Dimensions of Scientific Thought
Publisher: Blackstone Audiobooks
Date: January 2006
Duration: 2 hours 44 minutes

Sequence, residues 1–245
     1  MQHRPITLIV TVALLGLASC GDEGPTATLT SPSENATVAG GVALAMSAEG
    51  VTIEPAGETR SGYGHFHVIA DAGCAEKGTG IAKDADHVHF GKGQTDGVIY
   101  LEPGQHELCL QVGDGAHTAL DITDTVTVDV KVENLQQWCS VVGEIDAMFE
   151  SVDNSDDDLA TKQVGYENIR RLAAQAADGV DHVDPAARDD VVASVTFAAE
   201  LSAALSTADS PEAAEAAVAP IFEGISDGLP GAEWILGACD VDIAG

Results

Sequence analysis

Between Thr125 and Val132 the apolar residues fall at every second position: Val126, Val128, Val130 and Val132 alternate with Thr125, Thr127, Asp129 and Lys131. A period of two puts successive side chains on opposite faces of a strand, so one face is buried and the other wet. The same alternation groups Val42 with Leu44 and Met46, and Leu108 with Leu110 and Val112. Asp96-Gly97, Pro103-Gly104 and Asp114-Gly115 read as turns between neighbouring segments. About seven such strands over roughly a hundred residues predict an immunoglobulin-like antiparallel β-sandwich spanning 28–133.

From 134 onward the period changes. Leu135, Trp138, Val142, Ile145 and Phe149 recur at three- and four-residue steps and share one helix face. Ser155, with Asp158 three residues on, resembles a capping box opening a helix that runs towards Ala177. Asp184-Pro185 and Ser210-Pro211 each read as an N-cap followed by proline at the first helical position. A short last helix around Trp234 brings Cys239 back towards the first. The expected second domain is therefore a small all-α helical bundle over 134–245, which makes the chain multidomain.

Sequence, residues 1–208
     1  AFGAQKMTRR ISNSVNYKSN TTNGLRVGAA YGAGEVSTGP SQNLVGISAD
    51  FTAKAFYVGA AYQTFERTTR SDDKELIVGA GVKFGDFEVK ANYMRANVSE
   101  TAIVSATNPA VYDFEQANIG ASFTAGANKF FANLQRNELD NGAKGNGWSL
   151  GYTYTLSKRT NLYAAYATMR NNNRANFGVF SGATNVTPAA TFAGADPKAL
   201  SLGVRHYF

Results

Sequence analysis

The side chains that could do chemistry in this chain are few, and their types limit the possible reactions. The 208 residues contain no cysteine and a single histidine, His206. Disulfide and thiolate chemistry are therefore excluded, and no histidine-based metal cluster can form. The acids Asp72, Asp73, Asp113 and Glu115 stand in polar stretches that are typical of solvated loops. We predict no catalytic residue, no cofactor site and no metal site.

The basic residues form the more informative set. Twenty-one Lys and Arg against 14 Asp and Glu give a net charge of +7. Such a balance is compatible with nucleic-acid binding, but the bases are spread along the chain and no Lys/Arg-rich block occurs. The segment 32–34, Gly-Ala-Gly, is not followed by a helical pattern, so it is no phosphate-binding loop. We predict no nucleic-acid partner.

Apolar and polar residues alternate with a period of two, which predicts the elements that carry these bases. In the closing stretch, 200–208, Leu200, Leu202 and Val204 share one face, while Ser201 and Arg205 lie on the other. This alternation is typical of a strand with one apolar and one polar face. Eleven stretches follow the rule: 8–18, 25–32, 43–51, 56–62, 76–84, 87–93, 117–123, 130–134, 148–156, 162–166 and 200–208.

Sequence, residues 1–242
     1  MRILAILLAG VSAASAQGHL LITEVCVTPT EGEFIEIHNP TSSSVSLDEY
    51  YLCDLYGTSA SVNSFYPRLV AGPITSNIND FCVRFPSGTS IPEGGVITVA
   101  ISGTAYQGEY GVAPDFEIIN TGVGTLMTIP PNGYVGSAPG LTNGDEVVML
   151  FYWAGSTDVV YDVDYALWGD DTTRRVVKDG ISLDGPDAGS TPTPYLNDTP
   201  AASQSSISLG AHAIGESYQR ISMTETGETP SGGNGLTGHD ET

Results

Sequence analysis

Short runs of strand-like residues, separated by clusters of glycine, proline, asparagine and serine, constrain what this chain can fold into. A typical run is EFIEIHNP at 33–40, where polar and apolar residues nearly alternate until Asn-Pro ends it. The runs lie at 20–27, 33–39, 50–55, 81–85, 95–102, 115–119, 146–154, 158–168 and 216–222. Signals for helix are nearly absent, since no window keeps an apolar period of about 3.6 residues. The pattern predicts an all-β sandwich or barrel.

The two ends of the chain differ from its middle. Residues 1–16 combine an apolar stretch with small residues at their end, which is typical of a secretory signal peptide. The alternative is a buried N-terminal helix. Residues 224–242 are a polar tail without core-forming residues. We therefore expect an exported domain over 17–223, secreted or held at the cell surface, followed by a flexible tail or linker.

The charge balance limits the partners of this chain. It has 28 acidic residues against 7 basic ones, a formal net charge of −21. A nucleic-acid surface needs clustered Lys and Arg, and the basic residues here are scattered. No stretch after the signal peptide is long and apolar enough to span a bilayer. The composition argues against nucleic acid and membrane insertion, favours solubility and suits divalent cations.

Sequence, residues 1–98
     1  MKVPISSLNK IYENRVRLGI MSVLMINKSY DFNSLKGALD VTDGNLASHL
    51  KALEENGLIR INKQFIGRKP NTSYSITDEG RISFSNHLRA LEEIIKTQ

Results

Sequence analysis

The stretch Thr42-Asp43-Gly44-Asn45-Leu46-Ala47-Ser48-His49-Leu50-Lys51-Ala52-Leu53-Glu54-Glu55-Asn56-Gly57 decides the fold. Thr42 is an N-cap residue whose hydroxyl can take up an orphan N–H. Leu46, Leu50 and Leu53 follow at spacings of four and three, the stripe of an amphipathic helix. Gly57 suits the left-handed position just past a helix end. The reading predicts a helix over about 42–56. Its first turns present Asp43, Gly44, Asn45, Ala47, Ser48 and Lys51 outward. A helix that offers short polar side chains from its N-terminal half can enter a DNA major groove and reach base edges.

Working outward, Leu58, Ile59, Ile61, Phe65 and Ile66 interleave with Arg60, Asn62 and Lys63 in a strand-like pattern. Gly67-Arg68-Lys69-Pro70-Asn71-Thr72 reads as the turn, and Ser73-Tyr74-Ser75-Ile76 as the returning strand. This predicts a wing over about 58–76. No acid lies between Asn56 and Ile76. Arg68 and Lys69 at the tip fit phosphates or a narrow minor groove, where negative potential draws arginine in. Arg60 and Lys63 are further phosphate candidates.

Science is a way of knowing that's characterized by the rules of logic and the methods of experiment. But the conflict between logic and experiment has created a long-standing tension in scientific understanding. The classical period and the Middle Ages favored rationalism; most thinkers began with general, self-evident truths, using deductive reasoning to draw more specific logical conclusions. Empiricism begins with experimental or sensory experience; a bottom-up process of inductive reasoning produces more general hypotheses and theories. David Hume emphasized the role of perception in knowing things, but he argued that past experience cannot justify firm conclusions about the future. Immanuel Kant emphasized the role of the mind in all observation, showing that everything we see is "theory laden;" Auguste Comte and the "positivists" insisted that what is real is observable. Karl Popper emphasized the role of refutation in weeding out bad scientific theories, and Thomas Kuhn suggested that scientific progress occurs in a succession of explanatory "paradigms." Kuhn, Feyerabend, and others have shown the difficulties of distinguishing between experiment and theory, or fact and interpretation. Science has shown that absolute truth is elusive. Yet when science is judged by its usefulness, it is one of the most spectacular achievements of human kind. Science is a never-ending cycle of questions and answers-a perpetual process of discovery.